School House Wonk

"Genius without education is like silver in the mine." Benjamin Franklin

Partial Homeschooling For Gifted Students

In my school district, Lake Washington School District (LWSD), there is a waitlist for students who have qualified for our gifted education program (known as “Quest-Highly Capable”). Qualifying for gifted education involves earning high scores on standardized tests, including day-long testing on Saturdays, as well as strong teacher recommendations and consistently high grades on report cards. Yet the reward for some students who make it through that arduous process isn’t a spot in a gifted classroom, but a number on a waitlist. Even worse, students may only stay on the waitlist for only one year; after that the student must re-test and re-qualify all over again. LWSD states that while it does the best it can to offer gifted education to every student who qualifies, it does not have the resources, particularly the classroom space, to offer gifted education to all qualifying students.

Nancy Mann Jackson of writes that some school districts and parents are tackling this problem through partial homeschooling. With partial homeschooling, parents and districts work together by allowing students to attend their traditional public school for part of the day, then take advanced classes or work on projects on their own time. It is a highly individualized approach that allows talented students to pursue their passions.

According to Kathi Kearney of the Gifted Development Center, gifted children are the fastest-growing group to leave traditional institutions for homeschooling because of the shortage of gifted education options. With partial homeschooling, students can take classes at their traditional school, and then pursue gifted education in alternative settings (online, at home, at a community college, with a tutor, etc.). A partial home school student can still access school activities such as sports or clubs. This flexible approach can provide the best of both worlds for gifted students; students are engaged with academic work that challenges them, while they also maintain important social bonds with their school community.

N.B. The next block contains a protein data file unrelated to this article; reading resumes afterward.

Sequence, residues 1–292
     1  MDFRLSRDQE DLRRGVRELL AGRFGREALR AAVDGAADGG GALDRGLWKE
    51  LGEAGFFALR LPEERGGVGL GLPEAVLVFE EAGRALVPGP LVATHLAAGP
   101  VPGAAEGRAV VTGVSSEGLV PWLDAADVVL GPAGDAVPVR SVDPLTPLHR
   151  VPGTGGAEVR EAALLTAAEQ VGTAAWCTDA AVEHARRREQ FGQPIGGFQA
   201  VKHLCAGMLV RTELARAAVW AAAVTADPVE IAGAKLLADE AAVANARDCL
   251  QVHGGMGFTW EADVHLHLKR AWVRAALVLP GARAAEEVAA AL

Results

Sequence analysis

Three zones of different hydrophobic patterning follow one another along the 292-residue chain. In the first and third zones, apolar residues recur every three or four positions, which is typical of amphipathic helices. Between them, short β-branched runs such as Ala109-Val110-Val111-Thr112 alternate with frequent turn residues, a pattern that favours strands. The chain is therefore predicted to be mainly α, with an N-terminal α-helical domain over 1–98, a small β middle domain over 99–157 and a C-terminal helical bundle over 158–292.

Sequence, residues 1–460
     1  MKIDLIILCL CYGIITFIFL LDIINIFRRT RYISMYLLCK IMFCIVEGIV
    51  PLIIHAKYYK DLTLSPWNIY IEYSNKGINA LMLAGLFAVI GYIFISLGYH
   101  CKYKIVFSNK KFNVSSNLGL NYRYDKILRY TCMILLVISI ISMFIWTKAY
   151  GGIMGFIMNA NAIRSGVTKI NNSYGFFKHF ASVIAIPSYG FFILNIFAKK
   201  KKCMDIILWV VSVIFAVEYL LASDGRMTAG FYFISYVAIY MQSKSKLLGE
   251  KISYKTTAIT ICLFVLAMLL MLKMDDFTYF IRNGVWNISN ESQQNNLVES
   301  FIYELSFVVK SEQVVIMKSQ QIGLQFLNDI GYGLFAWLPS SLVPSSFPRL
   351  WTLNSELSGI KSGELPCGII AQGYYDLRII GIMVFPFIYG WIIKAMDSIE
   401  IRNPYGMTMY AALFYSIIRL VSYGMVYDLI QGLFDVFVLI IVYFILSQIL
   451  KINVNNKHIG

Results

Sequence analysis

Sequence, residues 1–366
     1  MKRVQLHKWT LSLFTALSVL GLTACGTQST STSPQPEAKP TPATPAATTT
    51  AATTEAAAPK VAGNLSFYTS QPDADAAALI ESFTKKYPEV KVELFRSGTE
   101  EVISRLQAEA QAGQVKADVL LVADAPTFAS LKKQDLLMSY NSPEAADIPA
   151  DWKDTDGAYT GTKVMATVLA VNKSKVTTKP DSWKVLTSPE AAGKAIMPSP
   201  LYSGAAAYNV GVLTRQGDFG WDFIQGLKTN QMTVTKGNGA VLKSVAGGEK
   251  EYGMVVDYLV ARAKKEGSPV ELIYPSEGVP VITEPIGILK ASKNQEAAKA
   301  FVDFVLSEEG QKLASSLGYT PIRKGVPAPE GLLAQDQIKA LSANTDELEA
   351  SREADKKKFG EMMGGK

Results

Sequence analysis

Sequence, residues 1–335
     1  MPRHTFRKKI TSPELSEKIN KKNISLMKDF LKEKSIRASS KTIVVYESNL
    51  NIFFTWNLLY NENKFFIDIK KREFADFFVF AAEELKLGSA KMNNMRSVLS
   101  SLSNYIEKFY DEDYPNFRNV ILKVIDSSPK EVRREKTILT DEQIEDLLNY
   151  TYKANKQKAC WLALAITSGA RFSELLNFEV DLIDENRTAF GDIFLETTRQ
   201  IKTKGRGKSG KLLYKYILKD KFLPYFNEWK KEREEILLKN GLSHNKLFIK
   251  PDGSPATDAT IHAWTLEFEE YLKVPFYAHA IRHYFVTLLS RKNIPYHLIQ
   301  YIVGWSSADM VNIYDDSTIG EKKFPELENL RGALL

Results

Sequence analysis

Beth T. Sigall

February 14, 2013

Note: Lake Washington School District is located in Redmond, Kirkland and Sammamish, Washington

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4 thoughts on “Partial Homeschooling For Gifted Students

  1. Liv Finne on said:


    This is perfect. Just the right length. You identify a problem and offer a solution.

    I hope you are sending your posts to all legislators on the Senate and House ed committees.


  2. That is an excellent idea. It is sad that parents have to do this though.

  3. yes, Katie, I agree – on the one hand, giving parents more choices and more flexibility is great. On the other hand, seems like it also kinda ends up giving districts a free pass on their obligations.
    thx 4 your comment

  4. Bobbie Carson on said:

    This is a really great solution. One of the activities for gifted students that has gotten great results is early college. My daughter, who is gifted, has done really well with this. Bard College at Simon’s Rock has made a big difference in her life.

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